Childhood fever: a qualitative study on parents' expectations and experiences during general practice out-of-hours care consultations

E.G.P.M. de Bont*, N. Loonen, D.A.S. Hendrix, J.M.M. Lepot, G.J. Dinant, J.W.L. Cals

*Corresponding author for this work

Research output: Contribution to journalArticleAcademicpeer-review


Background: Fever in children is common and mostly caused by benign self-limiting infections. Yet consultation rates in primary care are high, especially during GP out-of-hours care. Therefore, we aimed to explore experiences of parents when having visited GP out-of-hours services with their febrile child. Methods: We performed a qualitative study using 20 semi-structured interviews among parents from different backgrounds presenting to GP out-of-hours care with a febrile child <12 years. Questions were directed at parental motivations, expectations and experiences when visiting the GP out-of-hours centre with a febrile child. Interviews were audio-recorded, transcribed and analysed using constant comparison technique. Results: We identified four main categories emerging from the data; (1) cautiously seeking care, (2) discrepancy between rationality and emotion, (3) expecting reassurance from a professional and (4) a need for consistent, reliable information. Not one symptom, but a combination of fever with other symptoms, made parents anxious and drove care seeking. Although parents carefully considered when to seek care, they experienced increased anxiety with increases in their child's temperature. Because parents work during the day and fever typically rises during the early evening, the decision to seek care was often made during out-of-hours care. When parents consulted a GP they did not have any set expectations other than seeking reassurance, however a proper physical examination diminished their anxiety. Parents did not demand antibiotics, but trusted on the expertise of the GP to assess necessity. Parents requested consistent, reliable information on fever and self-management strategies. Conclusions: Parents were inexperienced in self-management strategies and had a subsequent desire for reassurance; this played a pivotal role in out-of-hours help seeking for childhood fever. These factors provide clues to optimise information exchange between GPs and parents, by providing written, tailored, consistent information on self-management strategies for current and future fever episodes. GPs' had incorrect assumptions that parents expected antibiotic treatment.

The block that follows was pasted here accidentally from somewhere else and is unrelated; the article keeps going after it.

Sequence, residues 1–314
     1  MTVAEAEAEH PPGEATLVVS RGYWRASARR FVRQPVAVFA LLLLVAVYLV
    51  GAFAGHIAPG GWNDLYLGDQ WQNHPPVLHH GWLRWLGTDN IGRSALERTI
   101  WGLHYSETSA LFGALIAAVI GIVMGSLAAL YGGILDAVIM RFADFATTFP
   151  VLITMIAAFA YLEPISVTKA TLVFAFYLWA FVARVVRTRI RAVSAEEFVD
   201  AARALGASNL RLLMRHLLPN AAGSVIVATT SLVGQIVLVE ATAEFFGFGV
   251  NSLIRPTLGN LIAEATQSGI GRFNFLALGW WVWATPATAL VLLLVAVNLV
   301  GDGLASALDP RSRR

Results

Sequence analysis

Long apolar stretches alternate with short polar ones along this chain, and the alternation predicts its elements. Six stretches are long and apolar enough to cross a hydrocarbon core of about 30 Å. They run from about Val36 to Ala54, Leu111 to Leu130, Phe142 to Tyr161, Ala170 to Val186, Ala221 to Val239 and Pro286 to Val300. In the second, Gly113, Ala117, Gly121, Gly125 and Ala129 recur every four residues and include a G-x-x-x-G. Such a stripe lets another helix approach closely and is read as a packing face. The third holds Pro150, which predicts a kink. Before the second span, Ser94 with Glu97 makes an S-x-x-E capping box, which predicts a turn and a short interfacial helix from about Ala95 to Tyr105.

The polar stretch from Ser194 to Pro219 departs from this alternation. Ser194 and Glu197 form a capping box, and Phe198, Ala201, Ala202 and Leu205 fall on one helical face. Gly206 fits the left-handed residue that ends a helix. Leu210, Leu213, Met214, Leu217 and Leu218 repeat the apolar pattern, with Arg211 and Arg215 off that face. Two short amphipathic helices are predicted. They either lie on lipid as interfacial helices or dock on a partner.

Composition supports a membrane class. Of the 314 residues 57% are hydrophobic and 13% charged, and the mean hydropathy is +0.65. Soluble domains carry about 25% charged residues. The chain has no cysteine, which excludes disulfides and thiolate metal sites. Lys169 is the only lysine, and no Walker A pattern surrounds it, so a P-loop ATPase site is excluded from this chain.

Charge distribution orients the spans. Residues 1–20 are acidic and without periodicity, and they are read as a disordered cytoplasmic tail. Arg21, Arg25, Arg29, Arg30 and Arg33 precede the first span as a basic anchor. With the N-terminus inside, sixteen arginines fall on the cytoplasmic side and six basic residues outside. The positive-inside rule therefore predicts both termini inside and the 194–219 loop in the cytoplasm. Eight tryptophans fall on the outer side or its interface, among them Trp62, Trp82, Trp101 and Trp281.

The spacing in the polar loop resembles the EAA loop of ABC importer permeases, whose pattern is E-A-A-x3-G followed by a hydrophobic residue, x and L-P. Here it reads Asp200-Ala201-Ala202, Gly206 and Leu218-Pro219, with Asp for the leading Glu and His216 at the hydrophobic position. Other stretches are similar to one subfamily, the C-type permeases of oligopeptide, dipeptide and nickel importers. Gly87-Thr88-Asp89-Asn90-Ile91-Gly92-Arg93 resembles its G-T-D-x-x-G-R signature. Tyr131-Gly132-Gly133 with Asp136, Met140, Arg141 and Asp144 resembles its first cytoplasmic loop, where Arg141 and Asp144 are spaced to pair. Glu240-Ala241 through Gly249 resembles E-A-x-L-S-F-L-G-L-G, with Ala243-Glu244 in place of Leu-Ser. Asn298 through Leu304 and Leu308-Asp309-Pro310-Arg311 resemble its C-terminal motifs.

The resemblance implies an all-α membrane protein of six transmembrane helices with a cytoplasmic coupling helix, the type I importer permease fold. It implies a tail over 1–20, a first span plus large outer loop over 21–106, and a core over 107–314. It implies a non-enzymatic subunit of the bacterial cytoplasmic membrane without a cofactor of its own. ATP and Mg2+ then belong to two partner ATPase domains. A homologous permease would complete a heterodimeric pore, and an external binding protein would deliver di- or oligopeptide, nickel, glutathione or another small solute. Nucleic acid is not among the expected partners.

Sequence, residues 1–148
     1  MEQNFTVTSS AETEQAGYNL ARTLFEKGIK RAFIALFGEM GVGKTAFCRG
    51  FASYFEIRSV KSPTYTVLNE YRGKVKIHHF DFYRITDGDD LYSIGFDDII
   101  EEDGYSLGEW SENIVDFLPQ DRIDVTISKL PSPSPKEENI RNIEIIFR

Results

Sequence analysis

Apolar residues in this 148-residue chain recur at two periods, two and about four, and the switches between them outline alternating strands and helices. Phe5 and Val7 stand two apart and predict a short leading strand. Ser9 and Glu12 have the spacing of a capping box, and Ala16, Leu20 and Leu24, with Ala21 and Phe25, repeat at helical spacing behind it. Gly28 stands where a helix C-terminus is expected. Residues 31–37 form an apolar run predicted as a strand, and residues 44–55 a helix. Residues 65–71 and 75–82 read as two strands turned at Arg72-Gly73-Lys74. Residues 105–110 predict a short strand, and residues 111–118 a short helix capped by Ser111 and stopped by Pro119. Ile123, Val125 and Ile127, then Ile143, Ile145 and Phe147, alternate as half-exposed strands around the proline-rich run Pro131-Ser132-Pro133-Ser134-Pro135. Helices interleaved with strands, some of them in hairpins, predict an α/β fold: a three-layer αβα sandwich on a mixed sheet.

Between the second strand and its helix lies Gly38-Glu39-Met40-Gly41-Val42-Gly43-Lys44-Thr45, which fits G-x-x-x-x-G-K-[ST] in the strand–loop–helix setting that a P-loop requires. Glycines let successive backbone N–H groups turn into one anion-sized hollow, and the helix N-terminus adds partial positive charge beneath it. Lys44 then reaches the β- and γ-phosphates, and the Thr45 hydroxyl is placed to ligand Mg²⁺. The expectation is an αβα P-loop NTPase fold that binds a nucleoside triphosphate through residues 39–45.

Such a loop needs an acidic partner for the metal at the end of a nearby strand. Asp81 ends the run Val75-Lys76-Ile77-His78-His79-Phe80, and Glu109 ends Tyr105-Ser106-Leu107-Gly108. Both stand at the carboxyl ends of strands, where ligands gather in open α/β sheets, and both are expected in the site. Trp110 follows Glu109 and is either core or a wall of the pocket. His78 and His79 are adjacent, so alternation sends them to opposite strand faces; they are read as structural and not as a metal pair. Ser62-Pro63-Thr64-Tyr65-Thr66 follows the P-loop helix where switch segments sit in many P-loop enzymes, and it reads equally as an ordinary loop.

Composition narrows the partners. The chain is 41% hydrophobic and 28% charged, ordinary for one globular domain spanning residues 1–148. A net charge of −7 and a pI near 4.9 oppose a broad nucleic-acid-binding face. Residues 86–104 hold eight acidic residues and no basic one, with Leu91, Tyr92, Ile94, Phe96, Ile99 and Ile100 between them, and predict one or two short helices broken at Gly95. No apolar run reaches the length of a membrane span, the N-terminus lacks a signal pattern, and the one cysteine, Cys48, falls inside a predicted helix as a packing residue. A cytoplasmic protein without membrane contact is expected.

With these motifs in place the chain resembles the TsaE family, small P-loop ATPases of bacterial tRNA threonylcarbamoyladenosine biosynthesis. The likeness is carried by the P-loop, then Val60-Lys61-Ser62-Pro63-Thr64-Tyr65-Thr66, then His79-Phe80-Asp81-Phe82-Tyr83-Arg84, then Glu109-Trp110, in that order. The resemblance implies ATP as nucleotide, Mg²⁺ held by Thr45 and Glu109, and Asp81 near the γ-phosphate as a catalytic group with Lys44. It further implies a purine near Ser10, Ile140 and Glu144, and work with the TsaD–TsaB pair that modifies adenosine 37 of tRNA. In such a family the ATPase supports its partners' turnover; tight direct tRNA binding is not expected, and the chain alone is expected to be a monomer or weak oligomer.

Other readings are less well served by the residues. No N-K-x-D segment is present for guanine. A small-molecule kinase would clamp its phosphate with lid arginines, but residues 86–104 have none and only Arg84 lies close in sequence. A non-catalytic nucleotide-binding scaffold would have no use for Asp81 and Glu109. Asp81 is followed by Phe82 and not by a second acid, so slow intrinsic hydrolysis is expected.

Original languageEnglish
Article number131
JournalBMC Family Practice
Publication statusPublished - 1 Jan 2015


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